The poet describes the speaker of this dramatic monologue as a man who lives in a cottage in the countryside. In a cold and windy night, his lover, Porphyria, comes to his cottage and lights a fire to keep them warm. The girl then talks of how she loves him. However, the man in this poem has a relatively low social state, since he talks about how Porphyria struggles to set her passion free from pride? (Browning 23). The speaker soon realized that Porphyria will eventually give in to the societys pressure, and he wants to keep her love to him forever. As a result of his possession the speaker strangles Porphyria to death, and then he sits with the corpse for the entire night. At the end he mentioned that he thinks God has not yet moved to punish him. One of the main themes in the poem is the theme of possession, which can be examined by exploring the speakers mind, and his motives.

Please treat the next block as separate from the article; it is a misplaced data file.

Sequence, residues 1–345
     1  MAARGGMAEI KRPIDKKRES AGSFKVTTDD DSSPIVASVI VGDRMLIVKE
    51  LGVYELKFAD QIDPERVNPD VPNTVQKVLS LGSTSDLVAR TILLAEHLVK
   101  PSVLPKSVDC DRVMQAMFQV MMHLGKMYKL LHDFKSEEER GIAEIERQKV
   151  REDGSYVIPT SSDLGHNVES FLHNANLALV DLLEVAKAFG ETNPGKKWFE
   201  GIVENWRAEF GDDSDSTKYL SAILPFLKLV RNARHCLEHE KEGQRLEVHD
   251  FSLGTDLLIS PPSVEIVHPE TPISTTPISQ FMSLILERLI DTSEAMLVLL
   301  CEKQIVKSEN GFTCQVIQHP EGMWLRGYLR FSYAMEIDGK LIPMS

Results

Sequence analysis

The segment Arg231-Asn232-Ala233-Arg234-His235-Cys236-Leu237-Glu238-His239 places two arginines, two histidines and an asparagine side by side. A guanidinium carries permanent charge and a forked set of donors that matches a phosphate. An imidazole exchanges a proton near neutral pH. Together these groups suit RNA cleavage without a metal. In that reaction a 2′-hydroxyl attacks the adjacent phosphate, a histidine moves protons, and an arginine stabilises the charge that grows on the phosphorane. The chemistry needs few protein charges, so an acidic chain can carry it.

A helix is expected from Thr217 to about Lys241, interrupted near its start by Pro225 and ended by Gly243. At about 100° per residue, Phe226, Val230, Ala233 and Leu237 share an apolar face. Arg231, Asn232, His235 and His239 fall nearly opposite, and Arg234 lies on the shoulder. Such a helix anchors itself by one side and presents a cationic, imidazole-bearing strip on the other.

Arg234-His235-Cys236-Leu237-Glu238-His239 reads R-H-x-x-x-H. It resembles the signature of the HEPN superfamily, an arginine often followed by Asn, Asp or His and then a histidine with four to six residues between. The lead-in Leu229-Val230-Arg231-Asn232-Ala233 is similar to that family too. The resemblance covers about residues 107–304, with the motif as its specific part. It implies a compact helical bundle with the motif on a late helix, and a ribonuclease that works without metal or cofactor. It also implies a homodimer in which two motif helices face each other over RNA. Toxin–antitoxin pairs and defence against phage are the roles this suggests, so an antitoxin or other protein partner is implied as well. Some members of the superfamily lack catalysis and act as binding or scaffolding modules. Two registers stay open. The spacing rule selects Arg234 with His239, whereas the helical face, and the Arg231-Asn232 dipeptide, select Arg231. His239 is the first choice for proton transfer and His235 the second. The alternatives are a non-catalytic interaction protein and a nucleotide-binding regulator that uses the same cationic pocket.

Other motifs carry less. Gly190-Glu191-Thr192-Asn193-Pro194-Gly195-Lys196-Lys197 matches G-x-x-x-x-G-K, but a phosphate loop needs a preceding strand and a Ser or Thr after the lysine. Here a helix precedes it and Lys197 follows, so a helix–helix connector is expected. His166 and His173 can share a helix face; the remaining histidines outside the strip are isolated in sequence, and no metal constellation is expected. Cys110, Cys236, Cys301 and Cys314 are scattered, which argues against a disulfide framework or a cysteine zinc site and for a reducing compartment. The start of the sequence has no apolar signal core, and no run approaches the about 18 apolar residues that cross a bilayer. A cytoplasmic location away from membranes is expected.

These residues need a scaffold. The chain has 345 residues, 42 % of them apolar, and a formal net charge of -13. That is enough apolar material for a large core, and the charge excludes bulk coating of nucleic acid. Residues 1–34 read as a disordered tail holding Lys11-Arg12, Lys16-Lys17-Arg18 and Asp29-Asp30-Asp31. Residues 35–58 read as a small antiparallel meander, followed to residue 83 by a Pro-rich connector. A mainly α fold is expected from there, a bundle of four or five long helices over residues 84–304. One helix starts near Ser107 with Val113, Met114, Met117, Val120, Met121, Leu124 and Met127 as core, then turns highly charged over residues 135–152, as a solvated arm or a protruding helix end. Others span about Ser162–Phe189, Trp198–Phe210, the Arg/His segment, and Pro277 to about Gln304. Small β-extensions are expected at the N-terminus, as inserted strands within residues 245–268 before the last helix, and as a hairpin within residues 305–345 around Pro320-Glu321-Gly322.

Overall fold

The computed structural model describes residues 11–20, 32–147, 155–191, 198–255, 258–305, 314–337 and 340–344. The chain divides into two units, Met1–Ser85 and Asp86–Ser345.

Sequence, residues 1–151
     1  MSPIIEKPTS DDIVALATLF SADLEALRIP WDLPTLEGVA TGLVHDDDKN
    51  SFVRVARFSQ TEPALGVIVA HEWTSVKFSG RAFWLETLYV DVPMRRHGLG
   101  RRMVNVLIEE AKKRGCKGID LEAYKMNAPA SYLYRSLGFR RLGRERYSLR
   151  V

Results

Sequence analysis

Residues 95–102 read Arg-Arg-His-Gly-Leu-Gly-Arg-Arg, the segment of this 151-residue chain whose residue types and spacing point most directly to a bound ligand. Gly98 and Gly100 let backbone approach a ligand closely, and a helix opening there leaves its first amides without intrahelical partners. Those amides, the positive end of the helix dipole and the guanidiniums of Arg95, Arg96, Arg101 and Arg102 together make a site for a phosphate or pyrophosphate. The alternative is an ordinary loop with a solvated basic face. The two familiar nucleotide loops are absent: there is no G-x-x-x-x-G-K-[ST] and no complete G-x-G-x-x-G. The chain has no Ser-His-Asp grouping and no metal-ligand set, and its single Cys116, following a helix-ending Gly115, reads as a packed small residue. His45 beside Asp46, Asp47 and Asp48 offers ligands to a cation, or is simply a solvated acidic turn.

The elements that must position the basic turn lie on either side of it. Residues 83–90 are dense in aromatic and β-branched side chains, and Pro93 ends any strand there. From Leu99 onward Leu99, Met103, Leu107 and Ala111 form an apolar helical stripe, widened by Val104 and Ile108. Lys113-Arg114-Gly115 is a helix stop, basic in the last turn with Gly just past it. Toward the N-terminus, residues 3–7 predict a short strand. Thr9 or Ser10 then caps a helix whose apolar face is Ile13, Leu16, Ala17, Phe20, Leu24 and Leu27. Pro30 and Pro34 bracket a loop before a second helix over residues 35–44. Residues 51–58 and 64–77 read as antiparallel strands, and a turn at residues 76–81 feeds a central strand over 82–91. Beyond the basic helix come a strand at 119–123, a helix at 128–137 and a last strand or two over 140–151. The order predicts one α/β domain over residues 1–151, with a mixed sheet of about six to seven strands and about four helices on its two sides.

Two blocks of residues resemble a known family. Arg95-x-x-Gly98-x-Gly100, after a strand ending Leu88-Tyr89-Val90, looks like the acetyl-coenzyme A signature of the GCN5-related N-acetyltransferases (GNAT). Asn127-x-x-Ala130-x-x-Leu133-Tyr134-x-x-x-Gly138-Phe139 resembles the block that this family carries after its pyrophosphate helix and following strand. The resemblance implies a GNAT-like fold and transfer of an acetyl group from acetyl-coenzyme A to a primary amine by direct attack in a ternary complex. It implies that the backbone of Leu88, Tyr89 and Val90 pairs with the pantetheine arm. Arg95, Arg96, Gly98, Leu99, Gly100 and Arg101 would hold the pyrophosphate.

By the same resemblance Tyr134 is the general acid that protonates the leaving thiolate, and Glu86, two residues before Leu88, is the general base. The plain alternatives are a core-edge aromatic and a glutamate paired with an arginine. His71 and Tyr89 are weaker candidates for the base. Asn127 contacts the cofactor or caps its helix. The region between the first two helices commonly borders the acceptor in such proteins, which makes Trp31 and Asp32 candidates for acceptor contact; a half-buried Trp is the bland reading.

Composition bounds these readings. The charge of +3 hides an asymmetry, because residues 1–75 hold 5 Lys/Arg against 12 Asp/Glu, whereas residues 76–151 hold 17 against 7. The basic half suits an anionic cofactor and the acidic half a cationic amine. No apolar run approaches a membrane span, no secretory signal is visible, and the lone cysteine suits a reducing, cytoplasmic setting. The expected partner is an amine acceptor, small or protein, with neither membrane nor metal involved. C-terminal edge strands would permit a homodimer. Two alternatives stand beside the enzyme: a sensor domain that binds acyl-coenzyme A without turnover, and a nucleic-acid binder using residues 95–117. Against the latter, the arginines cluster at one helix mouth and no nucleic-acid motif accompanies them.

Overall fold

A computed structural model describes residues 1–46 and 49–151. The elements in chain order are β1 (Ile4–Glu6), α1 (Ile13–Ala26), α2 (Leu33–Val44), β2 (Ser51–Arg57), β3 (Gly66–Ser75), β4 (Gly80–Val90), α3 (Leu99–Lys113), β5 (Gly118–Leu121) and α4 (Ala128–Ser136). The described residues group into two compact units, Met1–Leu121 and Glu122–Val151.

The speaker obviously is in love with Porphyria, and he wants all the girls love in return. When he finally confirmed that she loves him too, he is satisfied, but yet not enough. He mentioned ? That moment she was mine, mine, fair, perfectly pure and good when she told him about her love, at the same time he also realizes that her love will not remain forever, and he will ultimately lose his possession of her. This lost of possession finally becomes his motive to murder the girl, so her love will remain forever? The speaker is eventually satisfied, and he toys with the corpse, just like he owns her body. He gains his will in an aberrant way. The poem is a typical dramatic monologue, which has a speaker talking to a dead corpse, pretending it is alive (Browning 58). This monologue happens after the speakers action, and the speaker tells the whole story. One can explore the speakers mind while he speaks.